Rebels seek more causes after avenging Cats' mauling
It's only when you haven't had something for some time that you appreciate its true value.
So it is with the Cork hurlers, who have essentially turned their noses up at the National League for most of the last decade and, in the case of 2008 and 2009, had their campaigns disrupted by their struggle with the county board.
Not since 2002 have they reached a league final -- ironically a day when their relationship with Kilkenny took a turn for the worse over the GPA-endorsed protest action -- and you have to go back four years earlier for their last league title outright.
Sunday's defeat of the Cats has gone a long way to retaining the Rebels' strong league push this year. Three games, three wins and an element of atonement for Nowlan Park 11 months ago represents an encouraging month for Cork hurling.
John Gardiner, their most inspiring figure at the weekend, admitted that there was a sense of catharsis about how they went about their business.
Gardiner was in his civilian clothes for the ritual slaughter at Nowlan Park but the force of his play throughout Sunday's feisty encounter was a reflection of how victory for Cork had far more significance than defeat had for Kilkenny. It was a game they simply had to win for themselves, not a mission statement for the coming months.
"I suppose (last year) was brought up a small bit alright. It wasn't a true reflection of Cork, we knew that, we just wanted to show that," Gardiner admitted. "It was important, but it's still only the league, we're just trying to put in a competitive performance.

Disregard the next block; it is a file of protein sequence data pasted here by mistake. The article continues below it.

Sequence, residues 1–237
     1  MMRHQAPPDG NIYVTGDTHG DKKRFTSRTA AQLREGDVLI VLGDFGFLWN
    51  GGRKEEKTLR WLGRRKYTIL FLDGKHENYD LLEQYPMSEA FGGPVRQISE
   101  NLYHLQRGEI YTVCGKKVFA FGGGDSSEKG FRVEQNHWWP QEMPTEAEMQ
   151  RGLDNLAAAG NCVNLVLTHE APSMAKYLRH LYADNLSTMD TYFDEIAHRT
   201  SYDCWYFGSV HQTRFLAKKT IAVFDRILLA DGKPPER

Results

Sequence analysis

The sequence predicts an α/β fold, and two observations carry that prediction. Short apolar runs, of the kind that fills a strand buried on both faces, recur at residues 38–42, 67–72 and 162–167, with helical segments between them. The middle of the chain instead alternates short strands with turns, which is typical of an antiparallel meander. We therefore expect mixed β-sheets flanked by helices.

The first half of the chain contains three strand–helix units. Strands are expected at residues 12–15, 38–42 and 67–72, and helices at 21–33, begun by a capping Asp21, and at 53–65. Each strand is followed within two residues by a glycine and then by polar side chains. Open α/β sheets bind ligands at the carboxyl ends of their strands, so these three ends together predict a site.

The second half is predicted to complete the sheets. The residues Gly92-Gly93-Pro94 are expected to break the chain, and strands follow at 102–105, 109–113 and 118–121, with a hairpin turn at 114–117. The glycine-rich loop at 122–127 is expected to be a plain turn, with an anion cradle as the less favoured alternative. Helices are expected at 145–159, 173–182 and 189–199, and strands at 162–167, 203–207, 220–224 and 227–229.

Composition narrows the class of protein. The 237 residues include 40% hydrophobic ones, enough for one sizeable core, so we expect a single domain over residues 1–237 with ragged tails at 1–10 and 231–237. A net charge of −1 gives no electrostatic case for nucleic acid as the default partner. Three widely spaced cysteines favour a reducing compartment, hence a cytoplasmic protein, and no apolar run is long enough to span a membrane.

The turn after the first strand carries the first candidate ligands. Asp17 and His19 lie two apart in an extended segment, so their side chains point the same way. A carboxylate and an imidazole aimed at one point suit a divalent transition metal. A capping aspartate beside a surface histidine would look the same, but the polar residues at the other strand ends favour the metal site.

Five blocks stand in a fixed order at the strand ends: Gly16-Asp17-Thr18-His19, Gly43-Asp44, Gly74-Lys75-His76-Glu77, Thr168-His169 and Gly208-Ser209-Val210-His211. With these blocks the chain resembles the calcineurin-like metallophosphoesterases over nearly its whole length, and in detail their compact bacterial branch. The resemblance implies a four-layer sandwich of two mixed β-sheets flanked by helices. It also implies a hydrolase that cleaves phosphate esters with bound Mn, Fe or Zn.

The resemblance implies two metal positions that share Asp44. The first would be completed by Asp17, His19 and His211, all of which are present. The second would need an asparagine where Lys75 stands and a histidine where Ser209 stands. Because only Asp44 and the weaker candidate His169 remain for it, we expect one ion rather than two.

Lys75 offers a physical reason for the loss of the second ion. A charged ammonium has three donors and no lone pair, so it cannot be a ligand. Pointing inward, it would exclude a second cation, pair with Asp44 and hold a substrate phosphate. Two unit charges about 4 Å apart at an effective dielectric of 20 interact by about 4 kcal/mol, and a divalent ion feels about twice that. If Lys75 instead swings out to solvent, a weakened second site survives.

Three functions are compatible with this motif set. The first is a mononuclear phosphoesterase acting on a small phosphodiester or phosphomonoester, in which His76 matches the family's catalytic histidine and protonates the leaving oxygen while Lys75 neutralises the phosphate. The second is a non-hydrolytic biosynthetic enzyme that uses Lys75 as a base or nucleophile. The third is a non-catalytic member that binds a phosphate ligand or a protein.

"Everyone will be roaring and shouting about the performance but we're not going to take much out of it. Any day you beat Kilkenny is a good day but we have another league match next week (away to Waterford), so we know we're going to have to improve.
"We're not getting carried away -- it's a league match, it's March, both teams are in heavy training. They were missing a few, we were missing a few."
Losing with an extra man for the entire second half wouldn't have been a disaster, in Gardiner's estimation.
"I wouldn't think it would have been disastrous had we lost. It wasn't our fault whether they had 14 or 15, they're after winning the All-Ireland title for the last four years in a row, so 14 or 15, we were going to be up against it. It would have been a huge disappointment if we'd lost it but thankfully we won."
Over and over Gardiner repeated that mantra, the league, two points, feet on the ground and so on. But a look of satisfaction creased the face of each and every Cork hurler as they emerged from their warm-down that no words could disguise.
Where it leaves them in the greater scheme of things isn't much clearer. There were many positive aspects -- the support offered to Gardiner by Shane O'Neill, who is now firmly established as one of the top corner-backs in the game, and Eoin Cadogan's recovery at full-back after being taken for a few early balls by Richie Power.
The league now presents itself as a legitimate target for Cork, not something they would have countenanced much when they were consistently reaching All-Ireland finals.
"We've only realised how important it is when we didn't have the couple of league games last year and the year before. The league is important to us, to get games under our belt. We have a few new players coming in, the league will help those fellas to come on to the panel to maybe stake a claim for a championship place.
"It is important but it's not the be all and end all -- if we don't win it we won't be going home crying or anything like that."
Meanwhile, Michael Grace is facing a four-week ban following his red card and Cork corner-back Shane Murphy is facing an anxious wait as the CCCC review the incident before half time that led to Grace's dismissal.
Murphy was one of those involved in the altercation and referee Dickie Murphy could be asked to review incidents involving the Erin's Own defender.